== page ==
|Year : 2012 | Volume
| Issue : 1 | Page : 79-80
Prophylactic ocular hypotensives before Nd:YAG laser posterior capsulotomy
Ashok K Dubey
Department of Pharmacology, School of Medical Sciences and Research, Sharda University, Gr. Noida, India
|Date of Web Publication||3-Feb-2012|
Ashok K Dubey
Department of Pharmacology, School of Medical Sciences and Research, Sharda University, Gr. Noida
Source of Support: None, Conflict of Interest: None
|How to cite this article:|
Dubey AK. Prophylactic ocular hypotensives before Nd:YAG laser posterior capsulotomy. J Pharmacol Pharmacother 2012;3:79-80
I read with interest the article titled "Use of topical brimonidine to prevent intraocular pressure (IOP) elevations following Nd:YAG-laser posterior capsulotomy" by Singhal et al.  The authors have rightly highlighted the need to manage the raised IOP after Nd:YAG-laser posterior capsulotomy. However, I would like to bring to the fore a few observations.
The study groups under comparison seem to be similar at the start of the study and there is no apparent selection bias or probability of confounding, but randomization and blinding could have made the interpretation of results more reliable. If complete blinding was not feasible, the observer doing the applanation tonometry could have been masked. In such comparative studies, the sample size calculation should be elaborated a little more and the statistical test applied to analyze the data should be mentioned.
Topically instilled brimonidine reduces the IOP within 1 hour, and the effect peaks at 2-3 hours after instillation.  This pharmacokinetic explanation for giving brimonidine 1 hour before and immediately after the laser procedure would have been of interest to some of the readers. The ciprofloxacin group acts as the placebo arm in this superiority trial. Various drugs used in glaucoma such as acetazolamide, timolol, pilocarpine, apraclonidine, and so on, including brimonidine, have been the preventive therapy with established efficacy for such post laser IOP spikes since many years now. But there would not have been any strong ethical dilemma of using a hypotensive instead of ciprofloxacin, since this kind of acute IOP elevation usually resolves without any sequelae in previously normotensive eyes.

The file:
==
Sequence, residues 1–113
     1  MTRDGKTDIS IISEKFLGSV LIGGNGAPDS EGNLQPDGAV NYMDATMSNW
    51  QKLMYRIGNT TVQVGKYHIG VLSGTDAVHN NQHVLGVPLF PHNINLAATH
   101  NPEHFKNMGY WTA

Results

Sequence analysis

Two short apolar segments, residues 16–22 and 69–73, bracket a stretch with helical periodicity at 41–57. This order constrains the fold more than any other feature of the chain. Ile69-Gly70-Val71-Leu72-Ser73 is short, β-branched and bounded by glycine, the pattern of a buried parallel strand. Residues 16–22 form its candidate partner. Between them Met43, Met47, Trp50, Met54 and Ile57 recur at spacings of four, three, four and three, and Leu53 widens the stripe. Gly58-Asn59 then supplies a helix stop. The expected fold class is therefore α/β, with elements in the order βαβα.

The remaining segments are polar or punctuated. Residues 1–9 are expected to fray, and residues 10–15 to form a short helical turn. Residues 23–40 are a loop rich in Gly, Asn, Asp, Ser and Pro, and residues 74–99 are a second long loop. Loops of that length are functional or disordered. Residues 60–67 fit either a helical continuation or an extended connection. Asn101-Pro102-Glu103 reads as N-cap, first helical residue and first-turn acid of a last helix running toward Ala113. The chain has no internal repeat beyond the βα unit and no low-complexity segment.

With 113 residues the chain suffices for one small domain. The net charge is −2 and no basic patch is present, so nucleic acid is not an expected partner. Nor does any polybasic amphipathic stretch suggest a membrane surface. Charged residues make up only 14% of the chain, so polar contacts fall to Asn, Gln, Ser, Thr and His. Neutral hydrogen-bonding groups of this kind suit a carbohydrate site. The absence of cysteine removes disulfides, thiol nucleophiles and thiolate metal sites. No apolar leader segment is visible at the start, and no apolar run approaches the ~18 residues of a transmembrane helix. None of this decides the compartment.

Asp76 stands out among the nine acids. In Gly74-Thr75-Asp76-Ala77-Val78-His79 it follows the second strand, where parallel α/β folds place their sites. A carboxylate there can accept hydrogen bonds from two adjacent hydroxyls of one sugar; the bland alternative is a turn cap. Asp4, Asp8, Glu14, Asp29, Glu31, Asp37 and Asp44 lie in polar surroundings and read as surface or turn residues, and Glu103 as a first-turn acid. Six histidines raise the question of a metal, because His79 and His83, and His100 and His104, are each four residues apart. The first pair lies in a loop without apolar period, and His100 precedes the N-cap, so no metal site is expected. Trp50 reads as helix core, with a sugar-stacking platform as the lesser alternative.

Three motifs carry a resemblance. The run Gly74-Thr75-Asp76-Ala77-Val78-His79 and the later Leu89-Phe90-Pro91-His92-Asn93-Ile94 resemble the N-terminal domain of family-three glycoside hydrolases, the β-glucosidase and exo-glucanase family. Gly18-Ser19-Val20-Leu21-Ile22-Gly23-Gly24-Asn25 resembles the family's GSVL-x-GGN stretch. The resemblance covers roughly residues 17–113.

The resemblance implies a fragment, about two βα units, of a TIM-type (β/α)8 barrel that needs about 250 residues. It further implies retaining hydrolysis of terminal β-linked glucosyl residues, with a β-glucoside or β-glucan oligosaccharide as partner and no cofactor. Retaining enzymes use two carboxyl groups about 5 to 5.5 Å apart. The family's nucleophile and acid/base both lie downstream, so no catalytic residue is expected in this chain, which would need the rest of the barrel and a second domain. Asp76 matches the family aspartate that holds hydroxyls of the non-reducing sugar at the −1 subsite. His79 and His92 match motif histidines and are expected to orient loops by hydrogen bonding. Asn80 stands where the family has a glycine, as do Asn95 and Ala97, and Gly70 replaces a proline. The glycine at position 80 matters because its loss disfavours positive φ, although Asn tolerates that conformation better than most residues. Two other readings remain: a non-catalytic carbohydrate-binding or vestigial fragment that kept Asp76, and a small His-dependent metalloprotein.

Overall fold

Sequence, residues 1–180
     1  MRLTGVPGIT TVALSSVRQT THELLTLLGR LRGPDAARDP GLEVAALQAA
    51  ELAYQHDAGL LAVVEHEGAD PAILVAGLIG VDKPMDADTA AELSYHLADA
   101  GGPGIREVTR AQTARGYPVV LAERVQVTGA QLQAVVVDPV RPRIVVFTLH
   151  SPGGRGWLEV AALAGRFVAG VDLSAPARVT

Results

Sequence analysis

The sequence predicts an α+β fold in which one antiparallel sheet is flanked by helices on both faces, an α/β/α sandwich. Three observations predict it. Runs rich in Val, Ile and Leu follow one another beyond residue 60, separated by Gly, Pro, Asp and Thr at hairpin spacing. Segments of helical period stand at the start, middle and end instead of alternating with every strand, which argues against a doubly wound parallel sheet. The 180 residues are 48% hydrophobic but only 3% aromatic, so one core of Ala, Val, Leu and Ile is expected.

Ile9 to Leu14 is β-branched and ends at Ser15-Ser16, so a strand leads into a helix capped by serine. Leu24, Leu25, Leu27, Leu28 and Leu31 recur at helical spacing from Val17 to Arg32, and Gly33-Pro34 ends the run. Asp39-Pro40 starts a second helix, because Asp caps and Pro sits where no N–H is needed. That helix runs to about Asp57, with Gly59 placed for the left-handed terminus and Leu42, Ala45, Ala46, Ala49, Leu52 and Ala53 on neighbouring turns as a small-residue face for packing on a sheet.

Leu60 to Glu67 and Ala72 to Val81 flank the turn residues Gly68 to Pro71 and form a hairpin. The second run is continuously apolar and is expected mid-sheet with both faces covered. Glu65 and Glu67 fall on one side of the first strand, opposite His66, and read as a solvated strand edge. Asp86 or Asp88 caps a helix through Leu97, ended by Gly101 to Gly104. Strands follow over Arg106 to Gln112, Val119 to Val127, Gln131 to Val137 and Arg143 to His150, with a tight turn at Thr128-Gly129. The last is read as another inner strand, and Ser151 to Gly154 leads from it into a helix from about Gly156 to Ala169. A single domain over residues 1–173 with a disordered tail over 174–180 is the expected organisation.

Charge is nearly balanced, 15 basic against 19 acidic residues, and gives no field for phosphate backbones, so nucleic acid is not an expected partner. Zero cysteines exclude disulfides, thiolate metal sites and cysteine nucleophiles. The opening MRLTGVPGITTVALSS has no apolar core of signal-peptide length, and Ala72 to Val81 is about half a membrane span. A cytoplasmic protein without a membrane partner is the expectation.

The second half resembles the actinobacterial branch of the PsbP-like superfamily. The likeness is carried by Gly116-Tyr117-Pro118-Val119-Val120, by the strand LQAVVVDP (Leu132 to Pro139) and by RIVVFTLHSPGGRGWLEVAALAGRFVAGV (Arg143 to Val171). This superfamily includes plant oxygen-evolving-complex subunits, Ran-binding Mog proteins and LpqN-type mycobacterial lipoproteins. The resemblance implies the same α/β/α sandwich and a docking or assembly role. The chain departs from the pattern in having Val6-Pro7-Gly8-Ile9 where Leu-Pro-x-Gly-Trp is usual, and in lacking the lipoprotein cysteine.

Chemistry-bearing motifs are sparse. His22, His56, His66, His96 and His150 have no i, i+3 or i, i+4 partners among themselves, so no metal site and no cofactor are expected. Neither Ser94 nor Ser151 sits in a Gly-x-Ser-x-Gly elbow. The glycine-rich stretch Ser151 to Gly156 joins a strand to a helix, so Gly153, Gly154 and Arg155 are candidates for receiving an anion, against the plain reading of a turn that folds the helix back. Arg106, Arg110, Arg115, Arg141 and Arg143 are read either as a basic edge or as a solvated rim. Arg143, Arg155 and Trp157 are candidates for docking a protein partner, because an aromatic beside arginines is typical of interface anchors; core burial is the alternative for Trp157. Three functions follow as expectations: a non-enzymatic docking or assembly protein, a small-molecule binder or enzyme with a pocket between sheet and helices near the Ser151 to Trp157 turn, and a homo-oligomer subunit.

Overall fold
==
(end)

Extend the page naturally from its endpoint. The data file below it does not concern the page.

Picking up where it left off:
Prostaglandin analogues like latanoprost, travoprost and bimatoprost are currently the first line of treatment for glaucoma and ocular hypertension.  These drugs may be the better options for preventing post laser IOP elevations as well. Not many studies have been conducted to assess their efficacy in this regard. One study has claimed bimatoprost to be superior to brimonidine in preventing such rise of IOP.  More such studies will help in establishing the efficacy of prostaglandin analogues and other newer drugs in prevention of IOP spikes following Nd:YAG-laser posterior capsulotomy.
| References|| |
|1.||Singhal D, Desai R, Desai S, Shastri M, Saxena D. Use of topical brimonidine to prevent intraocular pressure elevations following Nd: YAG-laser posterior capsulotomy. J Pharmacol Pharmacother 2011;2:104-6. |
|2.||Galanopoulos A, Goldberg I. Clinical efficacy and neuroprotective effects of brimonidine in the management of glaucoma and ocular hypertension. Clin Ophthalmol 2009;3:117-22. |
|3.||Ladas ID, Pavlopoulos GP, Kokolakis SN, Theodossiadis GP. Prophylactic use of acetazolamide to prevent intraocular pressure elevation following Nd-YAG laser posterior capsulotomy. Br J Ophthalmol 1993;77:136-8. |
|4.||Hodge WG, Lachaine J, Steffensen I, Murray C, Barnes D, Foerster V, et al. The efficacy and harm of prostaglandin analogues for IOP reduction in glaucoma patients compared to dorzolamide and brimonidine: A systematic review. Br J Ophthalmol 2008;92:7-12. |
|5.||Artunay O, Yuzbasioglu E, Unal M, Rasier R, Sengul A, Bahcecioglu H. Bimatoprost 0.03% versus brimonidine 0.2% in the prevention of intraocular pressure spike following neodymium:yttrium-aluminum-garnet laser posterior capsulotomy. J Ocul Pharmacol Ther 2010;26:513-7. |